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Samina's Art Workshop

Colourful image fan

The artist who helps people explore their identity outside of their caring role

Posted: 2.3.23

Person mixing watercolour and using pastel creating a beautiful drawing of girl with flowers in her hair
Person mixing watercolour and using pastel creating a beautiful drawing of girl with flowers in her hair

The caring community is made up of all kinds of people from different walks of life and no two carers are the same or have identical experiences.

Samina’s situation is a case in point because as her mum’s unpaid carer, her role hasn’t always been recognised. “My mum has bipolar, COPD, fibromyalgia and other chronic illnesses and they all flare up at different times,” she explains.

“If she had a continuous illness maybe I would have an actual role, but she only needs my help at select times, so mine is an unrecognised role. Thankfully, Trafford Carers (TC) has always supported me and treated me as a carer.”

Samina’s mum, Margaret, is a very talented artist and was her first art teacher, Samina was always fascinated at the magic her mum was able to create through ball point pen, fine liner, paint brush and basically any medium her mum put her hand to. Samina’s priority being the well-being of her family has had an impact on fully forging a career.

“One of the things that first got me back involved with Trafford Carers was I got invited to this gathering at Bluesci aimed at women primarily from Asian backgrounds and that just lit me up, because they were saying ‘look we see your community. What can we do for you?’ There were a lot of language barriers and people not knowing what was available to them and that sparked this idea for the project.”

Inspired by the TC meeting, Samina saw a way to turn her circumstances into an opportunity – she applied for the ‘Develop Your Creative Practice’ Arts Council grant to create a body of work exploring the carer’s role, her application was successful.

“When I originally put in for funding, I wanted it to be primarily focused on people of Asian ethnicity because I’m half Pakistani,” she says. For research she launched a series of six creative well-being workshops for carers and cared for people, incorporating meditation and a range of taught mediums with the aim to develop a personalised wallpaper that distinguishes their identity outside of their caring role. “It’s really been an exploration of identity,” she says.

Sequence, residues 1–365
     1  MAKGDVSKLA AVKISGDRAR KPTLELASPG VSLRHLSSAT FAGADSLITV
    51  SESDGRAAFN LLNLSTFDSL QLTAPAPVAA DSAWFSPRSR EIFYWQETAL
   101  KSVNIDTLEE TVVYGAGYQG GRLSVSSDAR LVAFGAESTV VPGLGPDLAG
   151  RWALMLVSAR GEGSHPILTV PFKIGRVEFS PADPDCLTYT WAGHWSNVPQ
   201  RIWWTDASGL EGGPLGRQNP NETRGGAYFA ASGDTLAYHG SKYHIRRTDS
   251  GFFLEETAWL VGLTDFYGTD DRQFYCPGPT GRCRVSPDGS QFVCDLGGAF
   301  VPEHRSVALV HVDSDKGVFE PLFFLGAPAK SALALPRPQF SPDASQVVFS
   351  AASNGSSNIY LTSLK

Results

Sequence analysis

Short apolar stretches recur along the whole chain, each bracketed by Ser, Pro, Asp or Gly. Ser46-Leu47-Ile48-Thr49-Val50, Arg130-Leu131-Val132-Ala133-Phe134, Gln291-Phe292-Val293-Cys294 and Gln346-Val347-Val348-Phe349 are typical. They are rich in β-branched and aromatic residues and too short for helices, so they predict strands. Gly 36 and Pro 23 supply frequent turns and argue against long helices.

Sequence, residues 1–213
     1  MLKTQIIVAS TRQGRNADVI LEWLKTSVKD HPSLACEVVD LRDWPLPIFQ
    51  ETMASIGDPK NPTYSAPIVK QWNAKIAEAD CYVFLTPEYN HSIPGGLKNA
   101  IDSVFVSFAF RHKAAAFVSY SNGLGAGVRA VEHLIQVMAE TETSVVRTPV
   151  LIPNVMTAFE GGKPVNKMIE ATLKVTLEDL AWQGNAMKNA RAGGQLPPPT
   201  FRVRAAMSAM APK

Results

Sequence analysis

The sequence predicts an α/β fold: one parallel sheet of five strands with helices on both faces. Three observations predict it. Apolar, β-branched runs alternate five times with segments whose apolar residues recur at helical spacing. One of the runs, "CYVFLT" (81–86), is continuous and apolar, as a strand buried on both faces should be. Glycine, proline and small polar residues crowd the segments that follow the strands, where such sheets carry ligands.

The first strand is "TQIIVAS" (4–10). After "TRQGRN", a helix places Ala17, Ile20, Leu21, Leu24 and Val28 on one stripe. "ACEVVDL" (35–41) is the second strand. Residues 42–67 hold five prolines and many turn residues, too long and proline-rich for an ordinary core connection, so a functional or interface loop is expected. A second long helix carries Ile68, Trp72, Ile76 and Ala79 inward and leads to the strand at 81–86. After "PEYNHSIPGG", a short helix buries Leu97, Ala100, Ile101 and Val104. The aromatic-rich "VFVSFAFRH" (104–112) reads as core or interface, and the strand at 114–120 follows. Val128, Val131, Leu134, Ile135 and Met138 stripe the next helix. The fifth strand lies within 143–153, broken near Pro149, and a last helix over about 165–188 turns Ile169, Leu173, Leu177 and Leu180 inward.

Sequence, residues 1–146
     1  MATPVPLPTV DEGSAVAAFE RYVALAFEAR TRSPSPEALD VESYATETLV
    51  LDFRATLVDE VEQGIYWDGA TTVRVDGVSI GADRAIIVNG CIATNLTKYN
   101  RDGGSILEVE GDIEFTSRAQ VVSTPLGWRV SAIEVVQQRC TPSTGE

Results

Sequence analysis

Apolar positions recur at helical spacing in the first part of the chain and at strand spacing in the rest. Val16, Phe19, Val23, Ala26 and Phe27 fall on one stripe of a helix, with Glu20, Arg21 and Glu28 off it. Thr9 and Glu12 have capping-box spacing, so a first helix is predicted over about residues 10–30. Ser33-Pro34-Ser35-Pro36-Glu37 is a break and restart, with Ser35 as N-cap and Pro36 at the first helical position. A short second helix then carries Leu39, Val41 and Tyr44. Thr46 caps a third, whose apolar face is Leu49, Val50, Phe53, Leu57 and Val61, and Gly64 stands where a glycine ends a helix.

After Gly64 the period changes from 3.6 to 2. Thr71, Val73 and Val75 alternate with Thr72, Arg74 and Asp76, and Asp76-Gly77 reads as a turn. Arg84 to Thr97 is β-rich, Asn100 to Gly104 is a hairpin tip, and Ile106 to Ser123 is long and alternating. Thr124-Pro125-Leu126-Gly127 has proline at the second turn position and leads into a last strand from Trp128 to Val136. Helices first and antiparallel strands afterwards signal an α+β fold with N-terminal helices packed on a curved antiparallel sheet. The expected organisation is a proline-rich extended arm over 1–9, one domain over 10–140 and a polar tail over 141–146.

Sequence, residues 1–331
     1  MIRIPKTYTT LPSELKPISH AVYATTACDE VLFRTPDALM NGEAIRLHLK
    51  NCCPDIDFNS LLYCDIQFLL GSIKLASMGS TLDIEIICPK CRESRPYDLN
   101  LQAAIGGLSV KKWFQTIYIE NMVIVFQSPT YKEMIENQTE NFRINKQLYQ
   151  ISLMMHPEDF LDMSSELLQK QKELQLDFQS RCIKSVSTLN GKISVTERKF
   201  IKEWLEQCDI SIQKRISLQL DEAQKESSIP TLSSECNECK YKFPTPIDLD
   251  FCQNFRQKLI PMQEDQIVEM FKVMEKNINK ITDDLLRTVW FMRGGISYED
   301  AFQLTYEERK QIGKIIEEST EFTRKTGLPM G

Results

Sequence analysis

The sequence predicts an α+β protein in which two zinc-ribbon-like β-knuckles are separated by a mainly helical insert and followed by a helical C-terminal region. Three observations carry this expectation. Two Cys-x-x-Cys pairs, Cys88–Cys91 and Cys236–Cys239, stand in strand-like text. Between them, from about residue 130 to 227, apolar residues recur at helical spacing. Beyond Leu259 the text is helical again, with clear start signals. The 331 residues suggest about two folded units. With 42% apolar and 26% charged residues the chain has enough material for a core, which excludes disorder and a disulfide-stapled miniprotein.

“It’s about what’s underneath this societal role and one of the key things will be an exhibition at Old Trafford Creative Space. I can’t stress the importance of having this exhibition because visibility is very important for carers. That’s something I’ve felt. That I’ve not been seen, and it is so important to highlight this.”

The TC workshops went so well that a further four were added to the programme. She employed relevant artists to co-facilitate and support the project to get the most out of the sessions, this included Michelle Olivier, Marianne Storer, Rabia Saleemi, Jane Brake and Eleanor Yates (all artists have been invited to show their work at the exhibition).

“Working with TC is a part of my research so I have a broader understanding of the carers role,” explains Samina. “From this research, I will go on to complete a body of work reflecting on my experience as a carer. After the success of the workshops, I hope to further this project and work with people in similar circumstances. To create artwork lights me up, I think I have found my calling.”

• The exhibition will take place on the 17 March at Old Trafford Creative Space, from 6pm.

Tagged with: #BAME #activities #Art

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